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Razzaque v. Krakow Taxi, Inc.

Appellate Division of the Supreme Court of New York, First Department
Apr 8, 1997
238 A.D.2d 161 (N.Y. App. Div. 1997)


April 8, 1997

Judgment, Supreme Court, New York County (Beverly Cohen, J.), entered December 22, 1995, which, upon a jury's verdict, awarded plaintiff damages of $2,125,753.42, as reduced by the trial court, unanimously modified, on the law and the facts, to the extent of vacating the award for past and future lost wages, and directing a new trial solely on the issue of damages for past and future pain and suffering and otherwise affirmed, without costs, unless plaintiff stipulates, within 20 days after service upon his attorney of a copy of this order with notice of its entry, to the entry of an amended judgment reducing the award for pain and suffering to the principal amount of $250,000, and vacating the remainder of the award, in which event, the judgment, as so amended and reduced, is affirmed, without costs.

The trial court properly granted a directed verdict on the issue of liability. The plaintiff offered his own testimony, a portion of the defendant driver's deposition testimony and his hospital records to establish that he was injured when a taxi owned by the defendant Krakow Taxi, and driven by defendant Kim, struck him in the intersection of 68th Street and 3rd Avenue in Manhattan. Plaintiff testified that he waited until the light flashed "Walk," and then entered the crosswalk when he was hit. The defendants, on the other hand, failed to offer any defense other than a brief examination of the plaintiff. In fact, the driver, Kim, did not testify at trial despite the fact that counsel for Krakow had been in contact with him in the preceding weeks. Thus, with plaintiff's evidence standing unrefuted, there was no valid line of reasoning or permissible inferences from which the jury could conclude that the defendants were not negligent, or that the plaintiff's negligence contributed to the accident ( see, Adams v. Romero, 227 A.D.2d 292). The minor inconsistencies in the plaintiff's testimony were insufficient to cast doubt on his uncontradicted version of the accident.

None of the claimed evidentiary errors requires reversal of the liability verdict. The court's refusal to allow defendant Krakow to read additional portions of Kim's deposition testimony into evidence was a proper exercise of its discretion ( Feldsberg v. Nitschke, 49 N.Y.2d 636, 643-644). The defendants can show no prejudice because they have not identified any portion of the deposition which would have materially aided their defense (supra, at 645-646). Given that Kim's deposition testimony did not refute plaintiff's allegations of negligence, and Krakow failed to exercise diligence in securing his presence at trial, the denial of Krakow's request for a continuance to procure his trial testimony was also proper ( see, Armetta v General Motors Corp., 158 A.D.2d 284).

While expert medical testimony is not required to establish liability or damages in a negligence case where the issues are not beyond the ken of the ordinary juror ( see, Payette v Rockefeller Univ., 220 A.D.2d 69; McKinney v. Bellevue Hosp., 183 A.D.2d 563, 565; see generally, De Long v. County of Erie, 60 N.Y.2d 296, 307), here, expert testimony was necessary to support most of plaintiff's claims. The court erred in permitting the plaintiff to offer evidence regarding the actual nature, extent and effect of his injuries, matters clearly beyond his competence, without testimonial support from an expert medical witness.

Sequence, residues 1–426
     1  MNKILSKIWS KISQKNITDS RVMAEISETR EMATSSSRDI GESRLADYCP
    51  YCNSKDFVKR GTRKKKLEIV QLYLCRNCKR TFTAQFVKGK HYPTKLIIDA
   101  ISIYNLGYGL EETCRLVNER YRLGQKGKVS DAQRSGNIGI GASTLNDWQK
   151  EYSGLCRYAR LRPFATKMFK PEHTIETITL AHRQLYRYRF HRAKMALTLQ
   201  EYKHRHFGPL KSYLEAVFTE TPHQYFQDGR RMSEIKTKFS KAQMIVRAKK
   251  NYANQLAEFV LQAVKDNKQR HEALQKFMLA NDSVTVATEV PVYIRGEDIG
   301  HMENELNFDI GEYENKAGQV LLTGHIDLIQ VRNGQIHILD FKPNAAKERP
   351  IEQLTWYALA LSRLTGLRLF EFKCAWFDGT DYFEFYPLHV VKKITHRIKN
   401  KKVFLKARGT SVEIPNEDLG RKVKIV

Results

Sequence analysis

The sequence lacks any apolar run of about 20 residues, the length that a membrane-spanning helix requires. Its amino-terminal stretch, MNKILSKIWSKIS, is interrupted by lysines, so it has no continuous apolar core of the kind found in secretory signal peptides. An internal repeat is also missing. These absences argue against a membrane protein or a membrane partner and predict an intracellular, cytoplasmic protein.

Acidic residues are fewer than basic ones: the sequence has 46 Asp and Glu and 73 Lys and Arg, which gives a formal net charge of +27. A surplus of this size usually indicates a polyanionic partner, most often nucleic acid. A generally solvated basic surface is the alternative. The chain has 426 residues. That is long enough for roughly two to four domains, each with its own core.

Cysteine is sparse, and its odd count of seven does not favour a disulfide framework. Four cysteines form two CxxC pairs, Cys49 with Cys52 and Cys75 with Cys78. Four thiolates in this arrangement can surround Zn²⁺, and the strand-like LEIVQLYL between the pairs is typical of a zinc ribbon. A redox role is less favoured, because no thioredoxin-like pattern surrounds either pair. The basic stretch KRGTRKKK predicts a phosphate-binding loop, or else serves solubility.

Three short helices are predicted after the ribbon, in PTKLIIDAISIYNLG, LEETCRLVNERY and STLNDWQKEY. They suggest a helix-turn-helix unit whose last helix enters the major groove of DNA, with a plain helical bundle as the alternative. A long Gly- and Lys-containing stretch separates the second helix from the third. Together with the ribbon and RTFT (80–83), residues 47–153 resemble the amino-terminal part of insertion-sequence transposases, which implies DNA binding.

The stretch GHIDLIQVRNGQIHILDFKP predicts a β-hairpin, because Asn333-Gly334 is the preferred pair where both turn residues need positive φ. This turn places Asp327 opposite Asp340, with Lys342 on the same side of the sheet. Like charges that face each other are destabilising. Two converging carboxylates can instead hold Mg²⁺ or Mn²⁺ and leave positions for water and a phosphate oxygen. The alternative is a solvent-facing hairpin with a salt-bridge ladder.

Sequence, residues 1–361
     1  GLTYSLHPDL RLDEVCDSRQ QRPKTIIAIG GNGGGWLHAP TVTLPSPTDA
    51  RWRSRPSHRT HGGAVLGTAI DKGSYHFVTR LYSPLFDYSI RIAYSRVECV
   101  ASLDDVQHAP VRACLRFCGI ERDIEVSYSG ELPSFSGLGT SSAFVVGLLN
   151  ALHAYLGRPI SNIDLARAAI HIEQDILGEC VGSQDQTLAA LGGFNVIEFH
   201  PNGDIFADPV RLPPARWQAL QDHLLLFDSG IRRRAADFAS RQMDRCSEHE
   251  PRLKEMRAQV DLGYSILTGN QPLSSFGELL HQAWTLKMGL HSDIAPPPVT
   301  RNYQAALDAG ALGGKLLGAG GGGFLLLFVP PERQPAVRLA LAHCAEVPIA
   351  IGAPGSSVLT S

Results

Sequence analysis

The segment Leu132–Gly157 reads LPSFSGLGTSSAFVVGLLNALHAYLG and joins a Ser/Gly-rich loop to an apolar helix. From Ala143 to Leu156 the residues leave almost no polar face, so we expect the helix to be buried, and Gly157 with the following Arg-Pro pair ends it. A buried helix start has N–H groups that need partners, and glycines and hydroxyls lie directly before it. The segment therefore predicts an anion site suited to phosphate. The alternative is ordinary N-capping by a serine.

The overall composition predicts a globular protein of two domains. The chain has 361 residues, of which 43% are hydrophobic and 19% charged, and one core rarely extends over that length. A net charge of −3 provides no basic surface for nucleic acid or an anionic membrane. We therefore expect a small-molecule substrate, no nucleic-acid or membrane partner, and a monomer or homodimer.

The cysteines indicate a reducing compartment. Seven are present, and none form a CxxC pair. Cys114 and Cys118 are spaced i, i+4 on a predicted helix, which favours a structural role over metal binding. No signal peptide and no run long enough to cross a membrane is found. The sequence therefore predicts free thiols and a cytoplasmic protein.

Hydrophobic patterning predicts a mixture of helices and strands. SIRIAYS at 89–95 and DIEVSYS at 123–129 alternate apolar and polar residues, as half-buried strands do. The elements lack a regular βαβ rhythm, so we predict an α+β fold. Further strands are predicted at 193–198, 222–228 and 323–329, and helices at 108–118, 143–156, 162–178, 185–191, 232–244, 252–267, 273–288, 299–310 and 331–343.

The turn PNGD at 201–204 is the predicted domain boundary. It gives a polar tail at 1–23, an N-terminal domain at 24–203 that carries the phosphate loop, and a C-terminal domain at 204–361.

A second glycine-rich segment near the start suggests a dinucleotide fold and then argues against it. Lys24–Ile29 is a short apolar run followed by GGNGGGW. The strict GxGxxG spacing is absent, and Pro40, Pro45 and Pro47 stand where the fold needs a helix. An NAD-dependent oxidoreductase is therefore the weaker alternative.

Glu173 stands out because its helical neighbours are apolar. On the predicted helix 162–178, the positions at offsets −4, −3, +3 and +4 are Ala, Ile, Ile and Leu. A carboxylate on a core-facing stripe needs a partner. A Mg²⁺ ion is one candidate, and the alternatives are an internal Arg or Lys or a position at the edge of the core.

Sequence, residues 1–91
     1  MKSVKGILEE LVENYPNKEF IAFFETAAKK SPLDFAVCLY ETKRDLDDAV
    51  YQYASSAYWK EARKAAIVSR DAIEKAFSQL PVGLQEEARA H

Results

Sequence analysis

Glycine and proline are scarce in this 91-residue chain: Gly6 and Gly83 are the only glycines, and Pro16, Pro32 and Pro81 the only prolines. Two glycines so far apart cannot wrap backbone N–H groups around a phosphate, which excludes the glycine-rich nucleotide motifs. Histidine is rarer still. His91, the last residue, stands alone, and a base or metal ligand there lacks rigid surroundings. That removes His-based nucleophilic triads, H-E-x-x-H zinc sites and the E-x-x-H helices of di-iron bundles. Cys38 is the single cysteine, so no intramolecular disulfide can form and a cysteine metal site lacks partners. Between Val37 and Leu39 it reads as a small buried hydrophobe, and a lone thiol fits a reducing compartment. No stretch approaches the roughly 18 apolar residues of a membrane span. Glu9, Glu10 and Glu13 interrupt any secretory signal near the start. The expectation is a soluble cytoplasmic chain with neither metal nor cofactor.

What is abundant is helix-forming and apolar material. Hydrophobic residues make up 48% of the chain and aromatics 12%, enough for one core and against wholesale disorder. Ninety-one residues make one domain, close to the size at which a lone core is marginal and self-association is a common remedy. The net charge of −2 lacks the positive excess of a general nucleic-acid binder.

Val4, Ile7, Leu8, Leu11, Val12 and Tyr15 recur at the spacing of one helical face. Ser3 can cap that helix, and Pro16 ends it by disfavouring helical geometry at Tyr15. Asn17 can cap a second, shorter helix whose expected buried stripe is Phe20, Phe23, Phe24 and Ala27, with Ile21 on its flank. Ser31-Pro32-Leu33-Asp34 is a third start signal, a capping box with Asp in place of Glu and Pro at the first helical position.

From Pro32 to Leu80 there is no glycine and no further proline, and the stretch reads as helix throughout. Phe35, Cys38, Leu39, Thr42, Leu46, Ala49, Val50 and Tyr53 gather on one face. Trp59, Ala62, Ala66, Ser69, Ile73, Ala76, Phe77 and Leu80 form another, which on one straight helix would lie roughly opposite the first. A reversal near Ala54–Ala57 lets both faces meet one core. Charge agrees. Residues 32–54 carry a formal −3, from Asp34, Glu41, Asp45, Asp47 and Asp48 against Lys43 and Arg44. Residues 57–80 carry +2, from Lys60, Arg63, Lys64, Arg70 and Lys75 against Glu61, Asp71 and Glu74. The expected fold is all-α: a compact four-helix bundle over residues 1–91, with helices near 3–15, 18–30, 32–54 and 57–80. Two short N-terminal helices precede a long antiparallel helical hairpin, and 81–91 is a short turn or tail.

We need not decide whether it was proper for the court to strike defendant Krakow's answer in response to the alleged jury tampering by Krakow's principal, since such ruling occurred after the court had properly directed a verdict in plaintiff's favor.

While the liability verdict was unaffected by any alleged trial errors, the damages verdict was partially infirm. The award for past and future lost wages was entirely speculative and cannot withstand scrutiny. Initially, plaintiff's testimony of prior part-time employment, and new employment acquired on the day of the accident, was vague and unsubstantiated by any tax returns or W-2 forms. Thus, plaintiff's past or future earnings were never established with reasonable certainty ( see, Poturniak v. Rupcic, 232 A.D.2d 541; Bunge v. New York City Tr. Auth., 216 A.D.2d 264; Papa v. City of New York, 194 A.D.2d 527, lv denied and appeal dismissed 82 N.Y.2d 918). Indeed, the question of future lost earnings should have been removed from the jury's consideration in light of the complete absence of any medical testimony connecting these injuries to plaintiff's claimed inability to work in the future ( see, Easley v. City of New York, 189 A.D.2d 599).

Finally, although it is clear that plaintiff suffered painful injuries as a result of this accident, the award for past and future pain and suffering deviates materially from what is reasonable compensation under the circumstances (CPLR 5501 [c]; Adams v Romero, supra; Small v. New York City Tr. Auth., 225 A.D.2d 471), and accordingly, we modify to the extent indicated.

We have examined defendants' further contentions and find them to be without merit.

Concur — Nardelli, J.P., Rubin, Mazzarelli and Andrias, JJ.

Summaries of

Razzaque v. Krakow Taxi, Inc.

Appellate Division of the Supreme Court of New York, First Department
Apr 8, 1997
238 A.D.2d 161 (N.Y. App. Div. 1997)
Case details for

Razzaque v. Krakow Taxi, Inc.

Case Details

Full title:MOHAMMED RAZZAQUE, Respondent, v. KRAKOW TAXI, INC., et al., Appellants

Court:Appellate Division of the Supreme Court of New York, First Department

Date published: Apr 8, 1997


238 A.D.2d 161 (N.Y. App. Div. 1997)
656 N.Y.S.2d 208

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